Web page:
Historic Georgia Town Overrun by Millions of Bats

The grand historic mansions of this Southern town have become infested with millions of bats — so many that the sky turns black with each sunset. So many that not even the neighborhood Batman can help.

"This town is in bad shape," said George Perkins, a bat remover who often makes public appearances in the caped crusader's costume and drives his own Batmobile, a retro-styled Chrysler Prowler with bat emblems.

Homeowners are not laughing. The bat problem began about a decade ago and got steadily worse as the number of animals grew. Perkins alone cannot do the job anymore, and now the state has promised to help, proposing a yearlong program to capture and move the flying mammals to "bat houses" where they will no longer be a nuisance.

"They're perpetual crap machines," said Tripp Pomeroy, who spent $1,500 trying to evict bats from the attic of his 96-year-old home in Americus, a town of 17,000 people 116 miles south of Atlanta. Bats are the leading cause of human rabies in the United States, and that makes Pomeroy reluctant to let his children sleep in their upstairs bedrooms.

Many of the bats have settled into the town's historic district, known for its antebellum and Greek Revival mansions built in the 1800s, and Victorian homes from the early 1900s. Many of the homes have white columns, wide porches and other touches that look like something straight out of "Gone with the Wind."

The homes "are like art," said Deanna Burgess, who recently moved into a house built in 1856. "They need to be brought back and preserved for future generations."

Free-tailed bats, as the animals are called, normally dwell in caves in Texas and farther west but have been making their way into the Southeast, particularly over the past three decades. Experts say they are drawn to Americus because it has an unusually large number of old houses, which are not as well sealed-up as new homes and have lots of crevices in their attics that allow bats to slip in.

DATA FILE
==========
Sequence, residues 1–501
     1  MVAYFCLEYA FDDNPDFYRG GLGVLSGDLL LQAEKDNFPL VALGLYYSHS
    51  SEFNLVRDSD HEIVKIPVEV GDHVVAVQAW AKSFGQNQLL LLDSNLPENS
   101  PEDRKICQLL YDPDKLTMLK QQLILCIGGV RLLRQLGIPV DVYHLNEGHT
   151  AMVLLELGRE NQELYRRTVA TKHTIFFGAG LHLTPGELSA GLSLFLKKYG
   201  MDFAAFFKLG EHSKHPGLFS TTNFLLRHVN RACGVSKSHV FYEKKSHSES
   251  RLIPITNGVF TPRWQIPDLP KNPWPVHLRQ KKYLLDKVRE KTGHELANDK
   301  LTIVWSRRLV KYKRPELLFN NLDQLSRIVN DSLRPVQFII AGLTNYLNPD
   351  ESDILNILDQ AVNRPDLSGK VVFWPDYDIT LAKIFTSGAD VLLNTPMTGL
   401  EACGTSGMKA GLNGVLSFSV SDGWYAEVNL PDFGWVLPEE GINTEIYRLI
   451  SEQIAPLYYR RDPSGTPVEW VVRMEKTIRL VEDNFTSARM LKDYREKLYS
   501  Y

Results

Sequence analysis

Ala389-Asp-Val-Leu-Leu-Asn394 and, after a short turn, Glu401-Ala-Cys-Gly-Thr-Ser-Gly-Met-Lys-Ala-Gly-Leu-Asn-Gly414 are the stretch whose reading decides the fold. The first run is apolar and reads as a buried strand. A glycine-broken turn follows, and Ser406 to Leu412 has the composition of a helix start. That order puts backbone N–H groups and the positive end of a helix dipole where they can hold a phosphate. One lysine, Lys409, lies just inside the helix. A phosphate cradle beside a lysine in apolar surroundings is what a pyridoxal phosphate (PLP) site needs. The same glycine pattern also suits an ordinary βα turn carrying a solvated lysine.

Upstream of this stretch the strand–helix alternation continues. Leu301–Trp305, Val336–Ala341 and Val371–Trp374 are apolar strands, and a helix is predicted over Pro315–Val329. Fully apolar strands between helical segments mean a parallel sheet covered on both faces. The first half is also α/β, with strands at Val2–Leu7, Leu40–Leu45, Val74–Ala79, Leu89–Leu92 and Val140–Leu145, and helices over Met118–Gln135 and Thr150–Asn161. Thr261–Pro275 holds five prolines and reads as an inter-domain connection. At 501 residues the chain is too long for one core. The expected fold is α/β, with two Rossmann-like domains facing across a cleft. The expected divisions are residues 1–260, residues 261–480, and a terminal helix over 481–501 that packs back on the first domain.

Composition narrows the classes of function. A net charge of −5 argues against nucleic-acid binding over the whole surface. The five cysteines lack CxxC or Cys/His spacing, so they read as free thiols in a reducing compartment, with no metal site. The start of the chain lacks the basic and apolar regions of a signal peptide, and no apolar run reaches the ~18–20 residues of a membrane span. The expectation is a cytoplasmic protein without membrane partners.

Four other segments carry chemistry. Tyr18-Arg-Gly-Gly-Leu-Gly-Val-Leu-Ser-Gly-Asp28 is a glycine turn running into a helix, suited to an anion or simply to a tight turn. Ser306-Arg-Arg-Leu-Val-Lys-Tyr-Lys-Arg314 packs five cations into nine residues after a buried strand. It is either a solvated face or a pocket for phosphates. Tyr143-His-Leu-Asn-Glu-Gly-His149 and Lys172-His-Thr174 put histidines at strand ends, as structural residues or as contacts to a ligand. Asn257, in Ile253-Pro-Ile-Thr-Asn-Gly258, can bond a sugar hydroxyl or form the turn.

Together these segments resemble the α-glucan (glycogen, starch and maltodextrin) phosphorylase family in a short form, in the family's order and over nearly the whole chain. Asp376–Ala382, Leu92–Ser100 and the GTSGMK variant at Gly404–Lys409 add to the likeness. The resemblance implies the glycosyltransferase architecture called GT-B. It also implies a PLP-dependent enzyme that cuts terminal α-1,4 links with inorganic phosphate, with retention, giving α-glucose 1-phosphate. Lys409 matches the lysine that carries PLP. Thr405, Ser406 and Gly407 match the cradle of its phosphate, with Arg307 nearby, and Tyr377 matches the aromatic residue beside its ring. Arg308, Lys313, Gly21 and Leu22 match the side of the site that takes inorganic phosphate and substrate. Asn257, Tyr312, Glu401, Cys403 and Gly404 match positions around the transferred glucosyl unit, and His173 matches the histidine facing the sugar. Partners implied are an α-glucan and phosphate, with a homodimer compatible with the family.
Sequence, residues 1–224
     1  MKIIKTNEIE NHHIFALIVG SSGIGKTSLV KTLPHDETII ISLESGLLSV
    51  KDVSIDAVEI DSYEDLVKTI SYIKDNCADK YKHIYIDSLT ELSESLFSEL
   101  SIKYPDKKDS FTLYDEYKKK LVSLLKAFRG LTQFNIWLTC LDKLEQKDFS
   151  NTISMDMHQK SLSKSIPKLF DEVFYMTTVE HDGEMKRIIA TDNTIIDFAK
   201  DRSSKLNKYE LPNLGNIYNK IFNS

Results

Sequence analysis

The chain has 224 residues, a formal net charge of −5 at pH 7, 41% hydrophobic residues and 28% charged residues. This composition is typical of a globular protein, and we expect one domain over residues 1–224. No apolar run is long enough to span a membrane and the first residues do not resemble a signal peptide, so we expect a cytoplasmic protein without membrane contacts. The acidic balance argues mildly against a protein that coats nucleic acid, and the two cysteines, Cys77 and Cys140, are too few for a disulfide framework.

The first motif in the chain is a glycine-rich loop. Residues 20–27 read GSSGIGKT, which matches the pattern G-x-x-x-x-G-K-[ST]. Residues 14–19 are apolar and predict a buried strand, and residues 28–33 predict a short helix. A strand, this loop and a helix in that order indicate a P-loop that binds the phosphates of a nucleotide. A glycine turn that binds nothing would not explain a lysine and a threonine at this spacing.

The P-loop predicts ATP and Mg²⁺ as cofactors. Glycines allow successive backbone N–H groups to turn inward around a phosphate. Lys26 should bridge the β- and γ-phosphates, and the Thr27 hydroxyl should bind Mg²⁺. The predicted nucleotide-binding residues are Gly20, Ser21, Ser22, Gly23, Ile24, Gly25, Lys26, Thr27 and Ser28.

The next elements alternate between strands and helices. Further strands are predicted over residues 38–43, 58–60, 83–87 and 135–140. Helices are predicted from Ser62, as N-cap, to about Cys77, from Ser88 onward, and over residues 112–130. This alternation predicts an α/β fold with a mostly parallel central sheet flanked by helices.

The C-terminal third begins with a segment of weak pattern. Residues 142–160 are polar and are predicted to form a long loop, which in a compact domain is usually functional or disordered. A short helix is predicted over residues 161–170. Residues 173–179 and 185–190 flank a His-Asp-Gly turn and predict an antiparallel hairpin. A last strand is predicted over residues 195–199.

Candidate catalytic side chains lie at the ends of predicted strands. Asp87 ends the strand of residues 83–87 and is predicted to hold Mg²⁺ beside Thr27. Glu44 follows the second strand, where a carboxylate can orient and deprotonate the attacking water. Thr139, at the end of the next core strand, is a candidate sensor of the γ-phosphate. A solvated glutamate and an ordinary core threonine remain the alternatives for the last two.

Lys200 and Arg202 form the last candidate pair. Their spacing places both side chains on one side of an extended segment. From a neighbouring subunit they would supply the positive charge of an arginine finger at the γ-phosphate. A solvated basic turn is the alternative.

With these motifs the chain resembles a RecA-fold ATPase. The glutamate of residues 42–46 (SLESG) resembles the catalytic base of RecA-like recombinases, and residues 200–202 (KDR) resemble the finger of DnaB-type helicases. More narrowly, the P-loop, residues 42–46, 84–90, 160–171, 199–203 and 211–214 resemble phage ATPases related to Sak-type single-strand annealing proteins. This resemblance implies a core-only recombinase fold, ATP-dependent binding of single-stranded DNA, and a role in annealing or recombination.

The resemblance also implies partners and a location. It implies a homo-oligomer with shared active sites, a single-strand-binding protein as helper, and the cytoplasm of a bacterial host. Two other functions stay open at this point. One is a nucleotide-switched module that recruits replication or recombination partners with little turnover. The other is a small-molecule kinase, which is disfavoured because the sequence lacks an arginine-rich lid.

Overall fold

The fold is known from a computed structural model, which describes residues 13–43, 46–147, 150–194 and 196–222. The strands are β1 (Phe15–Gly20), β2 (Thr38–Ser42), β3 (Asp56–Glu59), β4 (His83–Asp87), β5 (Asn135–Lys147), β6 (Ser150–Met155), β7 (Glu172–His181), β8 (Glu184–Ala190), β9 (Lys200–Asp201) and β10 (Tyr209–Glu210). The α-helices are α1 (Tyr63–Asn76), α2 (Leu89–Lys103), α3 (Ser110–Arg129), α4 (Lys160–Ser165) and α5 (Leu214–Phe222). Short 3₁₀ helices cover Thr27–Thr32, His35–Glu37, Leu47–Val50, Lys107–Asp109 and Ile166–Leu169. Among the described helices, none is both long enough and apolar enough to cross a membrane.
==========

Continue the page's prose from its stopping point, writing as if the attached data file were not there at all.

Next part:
(Americus is also the site of the world headquarters of Habitat for Humanity, the charity that builds homes for the poor. And Former President Jimmy Carter grew up a few miles away, in Plains.)

The bats swarm out in the evening, helping to curb the insect population by eating mosquitoes and other pests. But as the sun comes up, they return to their dark attic lairs, where they urinate and leave piles of smelly guano.

"In some areas, the odor is unbearable on hot summer days," said Lane Tyson, 26, who fights to keep bats out of his early-1900s home.

Residents are not allowed to kill the bats because they are protected under Georgia law. Killing even one carries up to a year in jail and a $1,000 fine.

So homeowners try to keep them out by plugging openings in their homes. But that is often a futile task, since bats can squeeze through holes as small as a dime.

Those who can afford professional help call Perkins, who founded his company, Bat Busters, in the early 1990s, when a young woman died from rabies after she touched bats that flew into her office. Perkins refers to his offices as "Bat Caves," and callers hear the theme from the "Batman" TV series while on hold.

Perkins uses sealant and wire mesh to close gaps and create one-way doors that let the bats out but not in. He also crawls into the bat roosting areas.

"In one house alone, I estimated 10,000 in the attic," said Perkins, 56. Once, he found a layer of guano 8 inches deep.

From 1990 to 2005, 31 of the 39 reported cases of human rabies were linked to bats, according to the Centers for Disease Control and Prevention.

Because bats have tiny teeth, people may not even realize they have been bitten. Humans also can get rabies from a bat scratch or bat saliva. The disease can be fatal without anti-rabies shots. In humans, that means six shots over 30 days.

Perkins said he has been bitten often and has been a frequent recipient of the rabies vaccine.

After years of frustration, homeowners sought help from state officials. The Department of Natural Resources proposed a plan that includes training city workers to remove bats and erecting bat houses, which resemble bird houses and can hold hundreds of bats.

"We recognize that bats provide a valuable ecological service by consuming vast quantities of night-flying insects, many of which are significant pests to farmers and homeowners," said Mike Harris, the state's top wildlife official. "However, we certainly don't expect people to tolerate bats roosting in their homes and businesses."